Hamilton says Mercedes have a ‘spare driver’ as he threatens to quit racing over FIA row

Race director Niels Wittich is putting his foot down on the regulation banning jewellery from being worn in the cockpit.

Lewis Hamilton protests jewellery ban in Miami GP.v1

Sir Lewis Hamilton has been given two races, including this weekend in Miami, to make transient his permanent jewellery amid the row over safety in Formula 1.

Hamilton showed up at the drivers’ press conference on Friday at the Miami Grand Prix with a multitude of necklaces and rings, as well as three watches on three different time zones in protest of the reinforcement of the regulation surrounding jewellery and fire-proof clothing by race director Niels Wittich.

The 37-year-old has long been campaigning for sustainability and equality, so is disappointed to see that this is now the prominent talking point in the sport.

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“It’s almost like a step backwards if you think about the steps we’re taking as a sport and the more important issues and causes we need to be focusing on,” he said.

“I think we’ve made such great strides as a sport… this is such a small thing.

“I’ve been in this sport for 16 years [and] I’ve been wearing jewellery for 16 years. In the car I only ever have my earrings on and my nose ring which I can’t even remove.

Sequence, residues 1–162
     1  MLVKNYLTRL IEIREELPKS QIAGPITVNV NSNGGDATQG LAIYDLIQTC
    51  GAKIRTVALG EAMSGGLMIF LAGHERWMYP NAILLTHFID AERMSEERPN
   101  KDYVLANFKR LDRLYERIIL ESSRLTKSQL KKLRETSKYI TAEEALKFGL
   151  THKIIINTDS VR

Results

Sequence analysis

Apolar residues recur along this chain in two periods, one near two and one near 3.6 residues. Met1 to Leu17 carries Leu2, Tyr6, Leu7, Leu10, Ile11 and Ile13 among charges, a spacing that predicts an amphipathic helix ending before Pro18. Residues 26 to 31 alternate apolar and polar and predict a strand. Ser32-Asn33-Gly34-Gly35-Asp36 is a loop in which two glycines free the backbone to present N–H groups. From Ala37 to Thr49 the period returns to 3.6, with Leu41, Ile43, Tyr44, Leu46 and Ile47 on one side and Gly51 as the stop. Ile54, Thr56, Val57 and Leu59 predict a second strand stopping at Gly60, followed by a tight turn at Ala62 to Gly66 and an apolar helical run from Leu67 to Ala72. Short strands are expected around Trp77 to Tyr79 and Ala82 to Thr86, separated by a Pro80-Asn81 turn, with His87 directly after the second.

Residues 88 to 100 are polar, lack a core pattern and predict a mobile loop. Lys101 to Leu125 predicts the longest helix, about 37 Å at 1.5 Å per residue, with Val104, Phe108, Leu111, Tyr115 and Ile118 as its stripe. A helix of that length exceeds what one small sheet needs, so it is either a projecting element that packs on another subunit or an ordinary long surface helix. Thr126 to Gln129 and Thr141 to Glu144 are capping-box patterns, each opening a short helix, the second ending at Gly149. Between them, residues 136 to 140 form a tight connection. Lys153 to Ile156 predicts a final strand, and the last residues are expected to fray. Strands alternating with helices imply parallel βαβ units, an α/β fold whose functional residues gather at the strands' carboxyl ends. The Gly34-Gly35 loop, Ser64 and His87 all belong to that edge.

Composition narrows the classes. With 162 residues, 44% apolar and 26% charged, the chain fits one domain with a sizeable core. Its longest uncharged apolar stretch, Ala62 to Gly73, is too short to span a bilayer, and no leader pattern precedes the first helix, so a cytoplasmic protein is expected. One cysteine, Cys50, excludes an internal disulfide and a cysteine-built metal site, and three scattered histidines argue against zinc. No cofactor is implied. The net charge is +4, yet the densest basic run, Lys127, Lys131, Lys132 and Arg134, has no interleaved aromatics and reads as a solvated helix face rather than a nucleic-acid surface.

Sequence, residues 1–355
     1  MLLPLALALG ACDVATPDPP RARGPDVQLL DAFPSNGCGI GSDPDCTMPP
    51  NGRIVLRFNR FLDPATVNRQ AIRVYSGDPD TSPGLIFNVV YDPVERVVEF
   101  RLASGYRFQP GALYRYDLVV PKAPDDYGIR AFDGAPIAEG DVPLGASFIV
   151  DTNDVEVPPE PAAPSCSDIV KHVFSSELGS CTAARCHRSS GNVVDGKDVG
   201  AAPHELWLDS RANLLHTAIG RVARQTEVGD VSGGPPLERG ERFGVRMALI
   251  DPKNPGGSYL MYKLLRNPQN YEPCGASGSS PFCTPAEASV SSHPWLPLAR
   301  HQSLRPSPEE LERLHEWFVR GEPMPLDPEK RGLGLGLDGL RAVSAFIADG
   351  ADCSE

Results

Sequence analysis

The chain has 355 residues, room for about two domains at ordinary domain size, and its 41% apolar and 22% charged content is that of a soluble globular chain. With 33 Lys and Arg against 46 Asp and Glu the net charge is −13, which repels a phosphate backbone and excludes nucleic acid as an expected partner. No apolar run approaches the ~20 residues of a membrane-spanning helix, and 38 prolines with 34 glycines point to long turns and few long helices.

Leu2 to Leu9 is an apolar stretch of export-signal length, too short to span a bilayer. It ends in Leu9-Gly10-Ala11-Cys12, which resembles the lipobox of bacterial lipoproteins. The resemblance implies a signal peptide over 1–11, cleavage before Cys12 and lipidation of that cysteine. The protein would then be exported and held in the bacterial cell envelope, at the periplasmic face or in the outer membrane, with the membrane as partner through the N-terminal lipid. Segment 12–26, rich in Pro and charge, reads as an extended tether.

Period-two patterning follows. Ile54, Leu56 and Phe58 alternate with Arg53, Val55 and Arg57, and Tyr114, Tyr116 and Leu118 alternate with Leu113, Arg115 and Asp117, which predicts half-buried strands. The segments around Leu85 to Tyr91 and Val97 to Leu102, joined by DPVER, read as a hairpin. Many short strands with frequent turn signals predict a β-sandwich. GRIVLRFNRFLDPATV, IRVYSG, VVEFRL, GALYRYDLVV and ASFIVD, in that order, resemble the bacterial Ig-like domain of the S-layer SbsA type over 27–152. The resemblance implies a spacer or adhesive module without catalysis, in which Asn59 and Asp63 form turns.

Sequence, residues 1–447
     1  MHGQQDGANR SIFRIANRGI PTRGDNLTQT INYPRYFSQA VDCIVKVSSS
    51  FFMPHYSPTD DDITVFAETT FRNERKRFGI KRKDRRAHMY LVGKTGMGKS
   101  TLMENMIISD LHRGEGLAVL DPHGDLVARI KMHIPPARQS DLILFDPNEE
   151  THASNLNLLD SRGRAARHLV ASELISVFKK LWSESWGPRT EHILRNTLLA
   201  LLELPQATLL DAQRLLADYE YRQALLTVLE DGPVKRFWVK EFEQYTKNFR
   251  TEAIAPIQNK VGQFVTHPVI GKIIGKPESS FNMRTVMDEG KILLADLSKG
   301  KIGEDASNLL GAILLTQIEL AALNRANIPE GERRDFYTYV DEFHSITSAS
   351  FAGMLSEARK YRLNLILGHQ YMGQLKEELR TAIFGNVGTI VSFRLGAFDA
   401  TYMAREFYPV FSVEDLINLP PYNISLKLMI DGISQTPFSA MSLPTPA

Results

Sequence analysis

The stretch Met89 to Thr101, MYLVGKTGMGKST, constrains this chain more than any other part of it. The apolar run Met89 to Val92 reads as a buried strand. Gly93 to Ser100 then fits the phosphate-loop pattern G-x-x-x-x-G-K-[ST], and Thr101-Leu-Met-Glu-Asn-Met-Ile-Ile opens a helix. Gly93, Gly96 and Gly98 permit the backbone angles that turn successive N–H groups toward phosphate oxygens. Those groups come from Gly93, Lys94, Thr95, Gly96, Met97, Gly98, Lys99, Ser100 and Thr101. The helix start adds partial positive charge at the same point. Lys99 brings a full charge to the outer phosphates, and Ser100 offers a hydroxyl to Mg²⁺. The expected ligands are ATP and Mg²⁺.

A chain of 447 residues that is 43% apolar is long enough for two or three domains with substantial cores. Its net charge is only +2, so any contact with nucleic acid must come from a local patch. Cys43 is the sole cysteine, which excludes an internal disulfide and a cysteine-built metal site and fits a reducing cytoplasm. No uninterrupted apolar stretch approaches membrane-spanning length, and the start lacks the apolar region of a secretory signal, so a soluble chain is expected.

The seven-time champion revealed that he has told FIA president Mohammed ben Sulayem that he does not want this to turn into a big dispute, but described the clampdown as “silly.”

“It’s about individuality and being who you are. I sent [bin Sulayem] a message just reassuring him that I want to be an ally. I don’t want to fight with you guys over this. This is very, very silly,” he added.

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“I’ll try to communicate and work with Mohammed. I’m here to be an ally of Mohammed, of the sport and Formula 1, and as I said I think we’ve got bigger fish to fry.”

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Prt of the reason for the reemphasis of the rule will undoubtedly be the horrifying fire that Romain Grosjean was lucky to walk away from in 2020, but even the Frenchman, despite the injuries incurred by the crash, feels as though the ban is being taken out of proportion somewhat.

“I’ve been wearing my wedding ring all my career [and] my Richard Mille watch,” he said.

“Where my ring was I was protected so I was protected by my wife and saved by my kids so I understand some of it but I wouldn’t like to race without my wedding ring, that is big for me.” 

Hamilton has now been given until the Monaco Grand Prix to facilitate the removal of his permanent piercings, and he confirmed that the Silver Arrows have a “spare driver” available to them if he is prohibited from racing.